Michigan                63.72%      50.45%      76.20%          49.90%     49.43%     44.84%         50.12%
            Minnesota               59.14%      48.51%      68.93%          45.08%     47.49%     36.03%         49.17%
            Mississippi             68.21%      52.60%      90.97%          54.89%     51.58%     71.90%         59.09%
            Missouri                64.06%      52.16%      82.81%          50.27%     51.15%     55.01%         59.82%
            Montana                 65.87%      55.92%      88.73%          52.25%     54.92%     66.66%         61.11%
            Nebraska                69.92%      50.60%      78.65%          56.87%     49.59%     48.33%         63.55%
            Nevada                  60.88%      49.77%      82.74%          46.88%     48.75%     54.89%         48.71%
            New Hampshire           63.56%      50.00%      75.00%          49.73%     48.98%     43.23%         49.80%
            New Jersey              65.27%      53.44%      80.72%          51.59%     52.43%     51.53%         42.72%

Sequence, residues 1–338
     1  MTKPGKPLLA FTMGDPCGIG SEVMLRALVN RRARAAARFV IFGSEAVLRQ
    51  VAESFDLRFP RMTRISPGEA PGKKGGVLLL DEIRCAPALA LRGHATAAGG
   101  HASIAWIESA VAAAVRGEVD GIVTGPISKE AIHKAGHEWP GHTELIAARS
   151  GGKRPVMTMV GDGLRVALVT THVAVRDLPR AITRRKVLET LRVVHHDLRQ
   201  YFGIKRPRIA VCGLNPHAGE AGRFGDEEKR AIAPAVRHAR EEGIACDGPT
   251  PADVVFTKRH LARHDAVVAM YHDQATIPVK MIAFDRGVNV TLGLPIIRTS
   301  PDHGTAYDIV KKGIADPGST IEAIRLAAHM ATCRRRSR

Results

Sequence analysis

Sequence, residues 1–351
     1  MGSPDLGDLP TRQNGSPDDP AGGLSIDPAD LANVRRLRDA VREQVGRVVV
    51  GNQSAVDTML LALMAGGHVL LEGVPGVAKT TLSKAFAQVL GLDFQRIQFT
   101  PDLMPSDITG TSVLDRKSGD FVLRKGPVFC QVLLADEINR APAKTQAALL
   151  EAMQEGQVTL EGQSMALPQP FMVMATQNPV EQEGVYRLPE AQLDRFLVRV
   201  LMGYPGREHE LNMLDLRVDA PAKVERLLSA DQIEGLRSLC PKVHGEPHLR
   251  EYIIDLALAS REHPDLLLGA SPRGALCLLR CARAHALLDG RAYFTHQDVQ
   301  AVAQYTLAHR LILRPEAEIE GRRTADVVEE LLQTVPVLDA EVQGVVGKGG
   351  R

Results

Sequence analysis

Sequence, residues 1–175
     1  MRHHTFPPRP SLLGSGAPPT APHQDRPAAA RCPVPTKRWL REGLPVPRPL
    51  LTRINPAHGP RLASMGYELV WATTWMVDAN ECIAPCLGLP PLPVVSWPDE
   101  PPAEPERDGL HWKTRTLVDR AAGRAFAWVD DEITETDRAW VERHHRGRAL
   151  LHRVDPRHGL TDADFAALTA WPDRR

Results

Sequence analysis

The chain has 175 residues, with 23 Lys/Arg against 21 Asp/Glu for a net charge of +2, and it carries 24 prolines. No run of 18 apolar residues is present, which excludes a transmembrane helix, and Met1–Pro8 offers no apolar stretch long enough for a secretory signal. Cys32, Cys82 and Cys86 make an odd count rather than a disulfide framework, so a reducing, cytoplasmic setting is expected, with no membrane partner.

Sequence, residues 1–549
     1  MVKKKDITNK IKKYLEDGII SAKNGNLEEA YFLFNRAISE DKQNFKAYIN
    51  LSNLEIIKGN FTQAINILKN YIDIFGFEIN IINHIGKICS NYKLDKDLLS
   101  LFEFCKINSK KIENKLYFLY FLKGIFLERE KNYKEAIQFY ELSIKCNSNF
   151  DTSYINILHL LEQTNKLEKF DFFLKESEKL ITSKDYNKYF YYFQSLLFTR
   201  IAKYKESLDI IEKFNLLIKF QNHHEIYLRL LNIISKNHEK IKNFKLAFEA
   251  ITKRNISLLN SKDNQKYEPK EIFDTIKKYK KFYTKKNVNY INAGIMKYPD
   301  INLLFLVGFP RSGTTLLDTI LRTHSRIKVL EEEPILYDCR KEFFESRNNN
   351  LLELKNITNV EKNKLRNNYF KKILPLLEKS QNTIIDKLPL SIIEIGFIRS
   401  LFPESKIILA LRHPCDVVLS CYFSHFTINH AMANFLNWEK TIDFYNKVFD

New Mexico              62.11%      50.77%      79.09%          48.17%     49.75%     48.99%         45.35%
            New York                62.38%      49.84%      75.66%          48.46%     48.82%     44.10%         38.23%
            North Carolina          64.50%      51.95%      79.44%          50.75%     50.94%     49.52%         51.90%
            North Dakota            69.23%      58.02%      84.62%          56.06%     57.03%     58.27%         69.81%
            Ohio                    66.13%      51.67%      81.28%          52.55%     50.65%     52.43%         54.27%
            Oklahoma                64.56%      52.69%      83.73%          50.81%     51.68%     56.65%         69.30%
            Oregon                  63.85%      48.74%      75.23%          50.04%     47.72%     43.54%         43.84%
            Pennsylvania            61.30%      52.04%      79.09%          47.32%     51.03%     48.99%         50.38%
            Rhode Island            71.66%      47.06%      86.57%          58.91%     46.05%     62.07%         41.69%
            South Carolina          66.19%      52.85%      83.78%          52.61%     51.84%     56.74%         57.46%
            South Dakota            71.79%      50.67%      83.33%          59.07%     49.65%     55.94%         65.97%